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Cambridge wine trader call for the post-July import forms to be scrapped

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Cambridge Wine Merchants Kings Parade, 2 King's Parade, Cambridge . Picture: Keith Heppell. (44263071)
Cambridge Wine Merchants Kings Parade, 2 King's Parade, Cambridge . Picture: Keith Heppell. (44263071)

The wine imports sector is feeling the full force of post-EU mayhem, says Hal Wilson of Cambridge Wine Merchants, who is demanding that the government scrap a proposed new piece of legislation for wine importers, the VI-1 – due to become law on July 1.

Cambridge Wine Merchants has outlets in Bridge Street, Cherry Hinton Road and on King’s Parade. A November order for 20,000 bottles of wine from a regular supplier in Spain has been held at a Norfolk warehouse for weeks awaiting clearance by Her Majesty’s Revenue & Customs (HMRC).

“The 20,000 bottles have made it to their destination following a new HMRC form being filled in and HMRC is saying we need to complete the documentation for the arrival from Spain to the UK destination,” says Hal. “They’re in our bonded warehouse.

“It’s ridiculous. Before Brexit it was prepared in week one, in week two it was collected, and it arrived in week three. You’d plan for a month to be sure but I was expecting this delivery at the end of December, and this consignment is now overdue for the fifth week. We’ve got a little bit of stock left and January has been difficult anyway. Fortunately we can continue offering good wines to good people.

“Last week in the House of Commons Daniel Zeichner asked Victoria Prentis [Parliamentary Under-Secretary of State for Farming, Fisheries and Food] when the new customs declaration service is going to be ready for use, as the current system is antiquated but HMRC has failed to produce a working digital service.

“The existing system uses software from 1992 – it’s a real pain and it’s not working.”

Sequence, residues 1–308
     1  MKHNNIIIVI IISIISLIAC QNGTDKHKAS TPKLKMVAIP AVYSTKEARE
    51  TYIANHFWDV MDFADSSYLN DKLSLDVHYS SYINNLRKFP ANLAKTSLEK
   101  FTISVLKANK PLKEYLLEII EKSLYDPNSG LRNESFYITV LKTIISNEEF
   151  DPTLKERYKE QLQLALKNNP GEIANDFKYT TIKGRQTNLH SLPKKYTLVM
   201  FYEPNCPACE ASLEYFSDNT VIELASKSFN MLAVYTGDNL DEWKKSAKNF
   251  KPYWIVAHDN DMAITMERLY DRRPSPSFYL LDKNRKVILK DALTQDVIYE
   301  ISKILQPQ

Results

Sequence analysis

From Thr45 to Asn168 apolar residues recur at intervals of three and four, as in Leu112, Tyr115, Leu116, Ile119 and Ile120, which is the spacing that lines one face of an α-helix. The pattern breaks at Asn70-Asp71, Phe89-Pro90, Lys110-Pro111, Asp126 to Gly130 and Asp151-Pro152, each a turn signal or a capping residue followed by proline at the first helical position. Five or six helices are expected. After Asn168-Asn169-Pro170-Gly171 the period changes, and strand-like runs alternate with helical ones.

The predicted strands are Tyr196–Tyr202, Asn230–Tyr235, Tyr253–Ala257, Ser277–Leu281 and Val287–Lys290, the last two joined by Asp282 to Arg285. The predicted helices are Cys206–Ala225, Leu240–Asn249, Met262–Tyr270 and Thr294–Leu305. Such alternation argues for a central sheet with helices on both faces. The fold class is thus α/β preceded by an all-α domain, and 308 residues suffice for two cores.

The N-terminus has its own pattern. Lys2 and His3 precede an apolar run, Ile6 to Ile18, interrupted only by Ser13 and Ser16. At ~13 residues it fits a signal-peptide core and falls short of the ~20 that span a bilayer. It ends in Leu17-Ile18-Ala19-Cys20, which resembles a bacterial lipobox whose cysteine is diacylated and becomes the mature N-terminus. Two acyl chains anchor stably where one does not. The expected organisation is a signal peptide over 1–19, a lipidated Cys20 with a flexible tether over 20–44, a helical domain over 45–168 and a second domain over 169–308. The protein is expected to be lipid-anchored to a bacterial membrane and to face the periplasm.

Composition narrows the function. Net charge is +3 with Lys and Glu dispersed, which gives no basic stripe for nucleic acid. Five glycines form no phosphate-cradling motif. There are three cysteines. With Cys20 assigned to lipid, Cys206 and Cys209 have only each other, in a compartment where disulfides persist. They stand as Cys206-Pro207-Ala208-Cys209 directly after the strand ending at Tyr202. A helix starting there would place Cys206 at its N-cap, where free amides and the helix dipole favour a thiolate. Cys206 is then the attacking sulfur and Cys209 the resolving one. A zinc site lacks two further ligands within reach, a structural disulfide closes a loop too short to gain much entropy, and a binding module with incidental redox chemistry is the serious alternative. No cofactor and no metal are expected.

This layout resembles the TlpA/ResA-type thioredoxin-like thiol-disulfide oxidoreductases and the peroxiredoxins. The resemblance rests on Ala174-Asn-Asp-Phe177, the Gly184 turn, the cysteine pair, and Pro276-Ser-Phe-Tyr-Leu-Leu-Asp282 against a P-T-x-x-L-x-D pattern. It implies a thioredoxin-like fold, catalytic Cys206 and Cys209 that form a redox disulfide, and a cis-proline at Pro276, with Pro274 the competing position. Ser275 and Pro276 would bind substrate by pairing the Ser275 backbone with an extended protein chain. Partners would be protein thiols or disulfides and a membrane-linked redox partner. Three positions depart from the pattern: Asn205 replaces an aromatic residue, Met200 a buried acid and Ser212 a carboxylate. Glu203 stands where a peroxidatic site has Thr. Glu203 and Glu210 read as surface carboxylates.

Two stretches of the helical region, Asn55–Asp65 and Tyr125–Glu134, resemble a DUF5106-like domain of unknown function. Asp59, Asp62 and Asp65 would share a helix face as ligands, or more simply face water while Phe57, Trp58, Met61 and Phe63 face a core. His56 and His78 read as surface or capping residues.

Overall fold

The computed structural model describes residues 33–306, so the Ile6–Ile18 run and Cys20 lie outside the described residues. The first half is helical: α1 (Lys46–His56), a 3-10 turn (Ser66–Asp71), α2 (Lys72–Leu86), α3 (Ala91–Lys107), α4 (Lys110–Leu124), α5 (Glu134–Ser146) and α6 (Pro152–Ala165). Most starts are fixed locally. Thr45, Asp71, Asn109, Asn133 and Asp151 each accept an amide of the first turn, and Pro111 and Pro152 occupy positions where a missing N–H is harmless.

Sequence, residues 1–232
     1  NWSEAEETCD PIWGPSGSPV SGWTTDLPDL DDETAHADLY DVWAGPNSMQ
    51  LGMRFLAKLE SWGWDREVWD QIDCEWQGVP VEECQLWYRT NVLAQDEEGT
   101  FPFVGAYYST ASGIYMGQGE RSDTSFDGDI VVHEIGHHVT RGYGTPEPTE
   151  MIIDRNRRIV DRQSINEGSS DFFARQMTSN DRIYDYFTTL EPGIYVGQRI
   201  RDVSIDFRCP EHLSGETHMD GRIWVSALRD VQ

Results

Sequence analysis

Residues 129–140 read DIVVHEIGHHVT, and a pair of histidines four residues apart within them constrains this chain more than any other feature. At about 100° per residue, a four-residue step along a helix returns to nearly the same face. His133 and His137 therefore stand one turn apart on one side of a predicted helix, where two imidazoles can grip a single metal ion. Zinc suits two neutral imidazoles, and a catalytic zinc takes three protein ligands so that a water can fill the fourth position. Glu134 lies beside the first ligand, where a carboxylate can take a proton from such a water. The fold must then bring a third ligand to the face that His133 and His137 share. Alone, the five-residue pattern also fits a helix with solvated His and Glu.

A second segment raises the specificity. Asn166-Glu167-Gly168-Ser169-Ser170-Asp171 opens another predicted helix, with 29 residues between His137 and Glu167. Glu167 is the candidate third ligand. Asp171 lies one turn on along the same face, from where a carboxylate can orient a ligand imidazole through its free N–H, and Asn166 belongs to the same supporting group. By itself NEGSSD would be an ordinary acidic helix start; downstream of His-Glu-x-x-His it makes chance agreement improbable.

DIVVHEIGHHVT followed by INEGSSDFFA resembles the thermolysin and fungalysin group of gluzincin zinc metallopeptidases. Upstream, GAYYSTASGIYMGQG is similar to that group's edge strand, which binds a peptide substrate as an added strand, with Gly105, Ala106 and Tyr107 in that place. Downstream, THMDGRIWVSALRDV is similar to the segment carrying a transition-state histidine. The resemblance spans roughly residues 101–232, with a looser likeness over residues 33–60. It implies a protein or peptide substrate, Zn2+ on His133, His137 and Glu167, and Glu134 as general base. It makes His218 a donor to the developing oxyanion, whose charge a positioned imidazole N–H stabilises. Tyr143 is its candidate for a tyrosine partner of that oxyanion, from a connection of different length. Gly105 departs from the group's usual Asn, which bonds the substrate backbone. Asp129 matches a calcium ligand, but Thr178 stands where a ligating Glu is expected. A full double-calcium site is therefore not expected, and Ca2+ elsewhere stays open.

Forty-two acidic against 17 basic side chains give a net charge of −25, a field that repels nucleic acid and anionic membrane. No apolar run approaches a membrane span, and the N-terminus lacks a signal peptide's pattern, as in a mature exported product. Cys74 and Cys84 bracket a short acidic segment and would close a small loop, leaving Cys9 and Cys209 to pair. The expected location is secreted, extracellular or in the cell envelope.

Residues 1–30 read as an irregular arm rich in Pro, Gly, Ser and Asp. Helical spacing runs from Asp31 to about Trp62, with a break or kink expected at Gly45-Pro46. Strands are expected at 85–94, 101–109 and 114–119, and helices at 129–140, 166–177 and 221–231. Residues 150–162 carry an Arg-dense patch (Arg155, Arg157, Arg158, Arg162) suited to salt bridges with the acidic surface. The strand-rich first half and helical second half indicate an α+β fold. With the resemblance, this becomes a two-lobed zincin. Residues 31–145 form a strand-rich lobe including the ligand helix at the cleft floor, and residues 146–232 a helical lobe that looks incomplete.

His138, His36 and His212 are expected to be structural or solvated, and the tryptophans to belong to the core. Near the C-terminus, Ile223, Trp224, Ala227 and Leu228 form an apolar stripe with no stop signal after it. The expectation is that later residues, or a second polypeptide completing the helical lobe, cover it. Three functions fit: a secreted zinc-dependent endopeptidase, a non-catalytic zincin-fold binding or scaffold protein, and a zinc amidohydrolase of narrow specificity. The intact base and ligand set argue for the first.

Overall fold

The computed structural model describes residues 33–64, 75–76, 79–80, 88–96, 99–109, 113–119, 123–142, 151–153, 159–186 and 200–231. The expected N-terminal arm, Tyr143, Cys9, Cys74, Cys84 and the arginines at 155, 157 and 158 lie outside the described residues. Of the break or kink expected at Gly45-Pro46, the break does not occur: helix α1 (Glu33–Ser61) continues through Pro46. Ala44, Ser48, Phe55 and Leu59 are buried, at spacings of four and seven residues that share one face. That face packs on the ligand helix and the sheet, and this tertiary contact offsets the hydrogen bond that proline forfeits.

The Cambridge MP also addressed the issue of the incoming VI-1 certification, adds Hal.

“He asked about the import certificate because no other sector has this, and the UK government has decided to adopt something similar to this rather protectionist form on the rest of the world, so Daniel was asking if that was a good idea when the sector is already sinking in red tape and HMRC hasn’t even got a digital customs declaration service.

“The government said the new system would be running last year, currently it can be used from mainland Britain to Northern Ireland – it exists but not for the vast majority of 250m declarations that are going to be made this year.”

Hal Wilson of Cambridge Wines. Picture: Keith Heppell
Hal Wilson of Cambridge Wines. Picture: Keith Heppell

In October the government delayed the introduction of VI-1 certification until July 1.

Miles Beale, chief executive of the Wine and Spirit Trade Association (WSTA), said: “We have campaigned since the Brexit vote for the government to understand the damaging implications of imposing import certification requirements on wines imported from the EU – including burdensome paperwork, laboratory tests and significant additional cost for businesses.

“The WSTA’s estimates suggest that requiring these forms could cost wine importers £70m in the first 12 months alone. We believe it is high time that ministers use the additional time the grace period provides to commit to abolishing the requirement for VI-1 forms entirely. This is the only way to meet the government’s stated aim of a level playing field for all wine imports, no matter their origin.”

Hal adds: “The government plans to introduce some sort of import form on July 1 unless we can make the case that it’s a waste of time and that’s what we’re trying to flag up: we import 99.5 per cent of wine we drink – though I love the wine we grow in this country.”

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